Each morning the boys would wake excited about the lessons and each evening ended with cuddles on the couch re-reading or listening to the story. Some stories like day 3’s “The Grasshopper and the Ants” were read repeatedly throughout the week. Although the cover says “preschool” the short tales can be enjoyed by all ages. AND the message can be shared with all ages, as even some adults need reminding when it’s time to work, and when it’s time to play…I’m so blessed my work is play! AND the Mother Goose Time curriculum makes it easy so I have time to actually PLAY with my children and students – and during the times I have to prepare for lessons and can’t play, there are many materials that are self guided for the children to interact with. The stories on CD were perfect for such times!
I do have to prepare lessons ahead of time so I know what materials I need to set out and which activities I have to find substitutions for – such as in the Grasshopper/Ant story my son is allergic to corn so we couldn’t use that product, but most lessons are easily adaptable. Also most lessons are easily adaptable for diverse age groups. 2 year olds to 12 year olds I work with have enjoyed the activities. When it’s too hard for a toddler I simplify the lesson and when it’s too easy for an elementary age student I expand on it. For example the Finish Line game in “The Hare and the Tortoise” tale the younger students practice taking turns and following directions on the cube, while my older students made a number line game that involved adding, subtraction, multiplication and division! They also realized that how the cube was taped affected the outcome of the role!
My oldest son couldn’t choose if the Hare/Tortoise story or “The Dog and His Reflection” were his favorite, but he did like day 5 activities best. He especially loved helping the younger children play “Doggie Doggie Where’s your Bone” with the provided dog bone. My children and those I work with love using the provided materials to create new activities with and I have the feeling that dog bone will continue to get it’s use – especially since we don’t have a dog that’ll eat it! The children loved how the fables were about animals and often connected the stories with lessons we learned in last months Nature Detective kit. We talked about how to take care of animals and how to protect their habitats. Discussions also led to how each animal has a purpose, just as each person does and how we should embrace the uniqueness of others and encourage them to use their gifts and talents – and to be thankful for the diversity in this world. Even among a small family unit everyone is different – I challenge you to find ways to showcase the diversity in your own family. Who has what gifts and talents? Who is interested in what topics? How can you foster that interest and learn about new things together as a family? Remember that the summer slide is serious. Don’t stop learning because it’s summer. Read books together, explore your community together … talk with each other during meal times. If you need help coming up with what to talk about, where to go for community meals, what to explore in your area … let us know! Someone on our team will help you find resources! Or hop on line or call a local agency – or stop by your local library – the library is a great resource – for beyond books!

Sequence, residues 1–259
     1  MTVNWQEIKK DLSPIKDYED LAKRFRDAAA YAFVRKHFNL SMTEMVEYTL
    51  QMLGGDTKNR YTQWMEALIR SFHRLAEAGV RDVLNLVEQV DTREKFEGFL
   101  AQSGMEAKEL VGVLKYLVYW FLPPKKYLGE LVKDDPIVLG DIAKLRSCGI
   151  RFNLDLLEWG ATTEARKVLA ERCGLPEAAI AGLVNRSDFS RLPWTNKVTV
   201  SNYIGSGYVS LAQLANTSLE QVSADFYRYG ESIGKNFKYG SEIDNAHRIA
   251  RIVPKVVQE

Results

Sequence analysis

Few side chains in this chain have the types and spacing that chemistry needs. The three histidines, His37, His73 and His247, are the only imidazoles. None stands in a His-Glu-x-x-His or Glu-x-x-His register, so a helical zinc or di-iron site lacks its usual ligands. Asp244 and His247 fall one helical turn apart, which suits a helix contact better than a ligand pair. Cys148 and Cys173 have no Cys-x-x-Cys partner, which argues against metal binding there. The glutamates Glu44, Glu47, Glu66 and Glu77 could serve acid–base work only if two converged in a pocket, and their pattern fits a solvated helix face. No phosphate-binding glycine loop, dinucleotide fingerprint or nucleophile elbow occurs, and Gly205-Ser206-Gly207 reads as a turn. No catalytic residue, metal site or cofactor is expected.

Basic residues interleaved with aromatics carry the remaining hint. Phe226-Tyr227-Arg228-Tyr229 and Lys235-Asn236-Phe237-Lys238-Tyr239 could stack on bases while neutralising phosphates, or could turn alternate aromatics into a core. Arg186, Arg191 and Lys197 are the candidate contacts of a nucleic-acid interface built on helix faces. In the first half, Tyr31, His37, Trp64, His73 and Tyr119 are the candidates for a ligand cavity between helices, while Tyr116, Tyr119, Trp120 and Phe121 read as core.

You can find more resources by asking others on our Facebook page, checking out our Pinterest or YouTube channel. You can also find some great educational resources for young children through Mother Goose Time. Click highlighted areas for links and click the subscribe button above for future resourceful articles. THANKS